Monday, November 19, 2012

Fibromyalgia Not a big secret, but does your doctor know? by Celeste Cooper

Many of us have been psychologically bruised. We've endured hurtful comments by those in charge of our healthcare, family and friends; I speak for over five million Americans.  But one thing I know for certain, knowledge is our power.

Most agree fibromyalgia is due to a disruption in the Hypothalamus Pituitary-Adrenal (HPA) axis.  Big words that indicate a disruption in a major system of our brain (part of the central nervous system, CNS, which also includes the spinal cord) and its ability to properly receive sort and respond to messages from the peripheral nervous system which is everything outside the CNS. This breakdown in communication between the body and the brain not only leads to amplification (centralization) of pain, it also explains why other conditions co-occur with fibromyalgia, but not in say, low back pain (also thought to be centralized pain.)

The primary symptoms of FM are:

1)      Body-wide pain.
2)      Non-restorative sleep causing fatigue.
3)      Cognitive deficit causing trouble finding words, onset of dyslexic behavior, and memory problems.   

If your healthcare provider tells you other symptoms are from fibromyalgia, they are not, but they could be due to a co-occurring condition, also called comorbid.  For instance, feeling cold could be attributed to Raynaud’s syndrome or hypothyroidism.  The same is true for dry skin and mucous membranes, which might indicate, SICCA, Sjögren’s or hypothyroidism.  Bloating could be due to small bowel intestinal overgrowth, IBS, or leaky gut syndrome. Visual disturbances could be associated with migraine, both silent and classic, or knotted up pieces of muscle fiber (called myofascial trigger points) in the face or neck, etc.  It is important for your doctor to understand the comorbid conditions, because the criterion for diagnosing each of these disorders is specific and having them appropriately treated will minimize aggravating factors to fibromyalgia, your pain and ability to cope effectively.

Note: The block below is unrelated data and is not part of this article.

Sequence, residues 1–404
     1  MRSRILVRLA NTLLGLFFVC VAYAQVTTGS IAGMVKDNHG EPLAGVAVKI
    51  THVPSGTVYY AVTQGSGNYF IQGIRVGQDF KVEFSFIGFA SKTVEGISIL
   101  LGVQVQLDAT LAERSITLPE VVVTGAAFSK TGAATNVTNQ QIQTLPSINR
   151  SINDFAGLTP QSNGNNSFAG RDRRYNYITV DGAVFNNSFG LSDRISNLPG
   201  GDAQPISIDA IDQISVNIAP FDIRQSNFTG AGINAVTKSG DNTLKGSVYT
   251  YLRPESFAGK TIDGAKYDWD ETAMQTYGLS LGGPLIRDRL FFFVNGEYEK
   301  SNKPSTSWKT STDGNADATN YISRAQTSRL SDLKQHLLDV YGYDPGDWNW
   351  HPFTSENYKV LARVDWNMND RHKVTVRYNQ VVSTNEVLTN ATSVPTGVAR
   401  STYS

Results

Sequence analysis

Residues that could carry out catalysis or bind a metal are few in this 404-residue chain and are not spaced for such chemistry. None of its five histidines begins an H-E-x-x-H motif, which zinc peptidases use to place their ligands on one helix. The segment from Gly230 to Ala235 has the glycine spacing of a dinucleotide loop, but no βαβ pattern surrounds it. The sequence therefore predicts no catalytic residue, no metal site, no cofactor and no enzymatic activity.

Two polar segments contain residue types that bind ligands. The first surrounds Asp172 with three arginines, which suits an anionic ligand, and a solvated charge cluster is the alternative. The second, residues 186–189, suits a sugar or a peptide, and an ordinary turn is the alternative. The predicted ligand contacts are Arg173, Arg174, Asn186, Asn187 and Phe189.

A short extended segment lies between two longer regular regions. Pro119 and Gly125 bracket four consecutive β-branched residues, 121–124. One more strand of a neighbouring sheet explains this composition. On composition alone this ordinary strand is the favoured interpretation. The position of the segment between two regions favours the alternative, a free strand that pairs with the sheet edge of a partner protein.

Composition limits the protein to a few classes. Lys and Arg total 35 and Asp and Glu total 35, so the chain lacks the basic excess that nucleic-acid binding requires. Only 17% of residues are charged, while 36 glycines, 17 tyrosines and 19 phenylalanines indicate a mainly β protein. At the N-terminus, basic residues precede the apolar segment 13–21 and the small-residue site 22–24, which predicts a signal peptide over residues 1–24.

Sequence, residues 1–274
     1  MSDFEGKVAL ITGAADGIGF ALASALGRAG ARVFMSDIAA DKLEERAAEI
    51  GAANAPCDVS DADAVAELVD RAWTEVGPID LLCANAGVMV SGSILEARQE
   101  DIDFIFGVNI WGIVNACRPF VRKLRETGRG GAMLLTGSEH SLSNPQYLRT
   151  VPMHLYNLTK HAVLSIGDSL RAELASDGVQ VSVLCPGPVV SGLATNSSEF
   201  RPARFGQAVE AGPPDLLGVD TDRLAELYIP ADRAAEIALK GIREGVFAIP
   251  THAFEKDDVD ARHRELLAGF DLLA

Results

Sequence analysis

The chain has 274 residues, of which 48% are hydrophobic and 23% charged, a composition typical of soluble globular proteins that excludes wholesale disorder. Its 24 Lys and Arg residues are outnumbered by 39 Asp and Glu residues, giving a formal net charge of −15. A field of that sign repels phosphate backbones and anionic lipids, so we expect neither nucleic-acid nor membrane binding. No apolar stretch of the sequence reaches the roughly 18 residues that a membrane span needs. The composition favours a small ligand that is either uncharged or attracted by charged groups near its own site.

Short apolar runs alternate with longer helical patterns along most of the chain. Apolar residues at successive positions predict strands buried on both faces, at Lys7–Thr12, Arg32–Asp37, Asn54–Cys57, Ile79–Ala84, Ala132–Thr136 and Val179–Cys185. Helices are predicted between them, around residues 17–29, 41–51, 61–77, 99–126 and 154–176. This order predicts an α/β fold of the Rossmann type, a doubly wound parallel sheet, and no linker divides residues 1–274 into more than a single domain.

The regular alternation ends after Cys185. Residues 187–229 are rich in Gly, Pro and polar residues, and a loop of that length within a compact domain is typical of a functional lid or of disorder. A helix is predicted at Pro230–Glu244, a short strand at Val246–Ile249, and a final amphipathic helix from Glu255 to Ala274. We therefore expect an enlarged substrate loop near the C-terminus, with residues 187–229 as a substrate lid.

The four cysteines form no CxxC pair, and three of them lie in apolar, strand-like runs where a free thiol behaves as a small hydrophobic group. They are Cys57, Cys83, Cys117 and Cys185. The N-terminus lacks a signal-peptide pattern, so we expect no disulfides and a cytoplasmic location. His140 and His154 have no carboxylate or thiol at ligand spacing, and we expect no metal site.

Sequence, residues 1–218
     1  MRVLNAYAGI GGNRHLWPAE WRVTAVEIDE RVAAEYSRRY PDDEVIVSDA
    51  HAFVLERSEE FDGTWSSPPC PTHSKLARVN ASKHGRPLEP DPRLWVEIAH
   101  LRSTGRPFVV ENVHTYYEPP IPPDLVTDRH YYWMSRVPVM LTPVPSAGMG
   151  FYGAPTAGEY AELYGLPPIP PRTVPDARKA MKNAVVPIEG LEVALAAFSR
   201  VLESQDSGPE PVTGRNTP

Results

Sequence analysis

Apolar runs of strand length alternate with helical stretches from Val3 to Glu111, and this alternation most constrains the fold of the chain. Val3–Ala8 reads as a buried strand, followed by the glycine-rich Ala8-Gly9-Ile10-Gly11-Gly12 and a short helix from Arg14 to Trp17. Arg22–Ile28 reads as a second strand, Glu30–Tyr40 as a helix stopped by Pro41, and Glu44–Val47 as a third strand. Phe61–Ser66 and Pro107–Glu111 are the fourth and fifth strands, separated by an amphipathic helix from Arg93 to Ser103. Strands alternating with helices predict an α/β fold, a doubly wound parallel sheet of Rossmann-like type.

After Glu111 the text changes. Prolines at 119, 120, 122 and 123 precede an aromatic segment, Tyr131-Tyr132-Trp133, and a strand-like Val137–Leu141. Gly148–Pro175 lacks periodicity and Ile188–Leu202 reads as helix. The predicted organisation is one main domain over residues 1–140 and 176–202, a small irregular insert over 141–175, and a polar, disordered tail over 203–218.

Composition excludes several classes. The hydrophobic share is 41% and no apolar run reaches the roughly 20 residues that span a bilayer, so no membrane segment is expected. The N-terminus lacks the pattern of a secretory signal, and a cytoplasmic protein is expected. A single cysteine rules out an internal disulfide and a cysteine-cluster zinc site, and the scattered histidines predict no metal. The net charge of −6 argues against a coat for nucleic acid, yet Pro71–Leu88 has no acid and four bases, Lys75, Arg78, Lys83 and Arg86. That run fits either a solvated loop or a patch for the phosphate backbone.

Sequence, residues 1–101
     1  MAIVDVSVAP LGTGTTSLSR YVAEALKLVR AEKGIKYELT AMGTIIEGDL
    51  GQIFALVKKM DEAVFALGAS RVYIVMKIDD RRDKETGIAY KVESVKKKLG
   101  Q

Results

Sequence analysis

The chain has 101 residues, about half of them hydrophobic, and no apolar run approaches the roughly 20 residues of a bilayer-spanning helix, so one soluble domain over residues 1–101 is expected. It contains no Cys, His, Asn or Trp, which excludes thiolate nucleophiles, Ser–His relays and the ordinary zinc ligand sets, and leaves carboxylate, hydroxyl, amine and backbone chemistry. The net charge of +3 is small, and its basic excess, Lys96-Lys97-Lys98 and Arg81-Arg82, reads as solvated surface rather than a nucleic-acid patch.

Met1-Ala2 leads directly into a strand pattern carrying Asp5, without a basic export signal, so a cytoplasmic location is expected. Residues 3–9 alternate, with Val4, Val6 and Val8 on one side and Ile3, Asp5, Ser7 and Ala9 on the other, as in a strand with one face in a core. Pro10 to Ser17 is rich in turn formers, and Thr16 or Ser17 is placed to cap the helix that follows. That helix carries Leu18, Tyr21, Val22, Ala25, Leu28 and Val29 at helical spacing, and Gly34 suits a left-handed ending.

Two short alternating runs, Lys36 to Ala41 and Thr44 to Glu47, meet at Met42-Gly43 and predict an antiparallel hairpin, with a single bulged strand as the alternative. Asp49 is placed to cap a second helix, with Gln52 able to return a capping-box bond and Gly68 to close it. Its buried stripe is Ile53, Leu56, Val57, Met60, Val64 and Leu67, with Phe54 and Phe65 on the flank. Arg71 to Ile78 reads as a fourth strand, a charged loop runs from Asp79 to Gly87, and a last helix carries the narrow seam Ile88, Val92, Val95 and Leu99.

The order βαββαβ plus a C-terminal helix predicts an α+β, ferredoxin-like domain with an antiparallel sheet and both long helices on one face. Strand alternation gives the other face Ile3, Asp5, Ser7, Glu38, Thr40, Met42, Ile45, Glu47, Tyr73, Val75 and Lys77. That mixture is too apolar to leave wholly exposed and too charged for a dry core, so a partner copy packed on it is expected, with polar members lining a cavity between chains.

Conditions to be considered are:

 ·         Chronic fatigue syndrome/myalgic encephalomyelitis·         Hypothyroidism
·         Raynaud’s
·         Adrenal problems
·         Myofascial Pain Syndrome
·         Allergies
·         Bowel  -  irritable bowel syndrome (IBS),  Small intestine bacterial overgrowth (SIBO), Leaky Gut Syndrome (LGS)
·         SICCA or Sjögren’s
·         Bruxism
·         TMJ/TMD
·         Systemic Lupus erythematosus
·         Hypothyroidism  and possible Hashimoto’s
·         Interstitial Cystitis or irritable bladder
·         Restless Leg Syndrome
·         Severe headache/migraine
·         Postural Orthostatic Tachycardia Syndrome
·         Neurally Mediated Hypotension
·         Depression and anxiety
·         Rheumatoid Arthritis
·         Ankylosing Spondylitis
·         Lupus (SLE)
·         Idiopathic edema (unexplained swelling)
·         Piriformis syndrome
·         Pelvic Pain (endometriosis, pelvic floor pain, sexual dysfunction, rectal pain, vulvodynia, and impotence)

The biological aspects of FM have been greatly ignored.  Primary physicians are not always adequately trained in diagnosing fibromyalgia.  They have their own continuing medical education requirements and professional journals that focus on being adept at family and primary medicine.  If you feel you physician does not consider what I have presented here, or he/she is unwilling to look into your symptoms further, should you have them, get a second opinion.

We all need to be diligent about knowing our body, noting any blatant or subtle changes in symptoms, and to track and report them, after all, who else will care as much as we do?  Identifying and treating all aggravating factors, including overlapping conditions can have a profound impact on how we feel. 

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All answers and blogs are based on the author's opinions and writing and are not meant to replace medical advice.  

Celeste Cooper is a retired RN, educator, fibromyalgia patient, and lead author of the Broken Body Wounded Spirit: Balancing the See Saw of Chronic Pain devotional series (coauthor, Jeff Miller PhD), and Integrative Therapies for Fibromyalgia, Chronic Fatigue Syndrome and Myofascial Pain: The Mind-Body Connection (coauthor, Jeff Miller PhD) She is a fibromyalgia expert for Dr. Oz, et al., at, here, and she advocates for all chronic pain patients as a participant in the Pain Action Alliance to Implement a National Strategy, here. You can read more educational information and about her books on her website,

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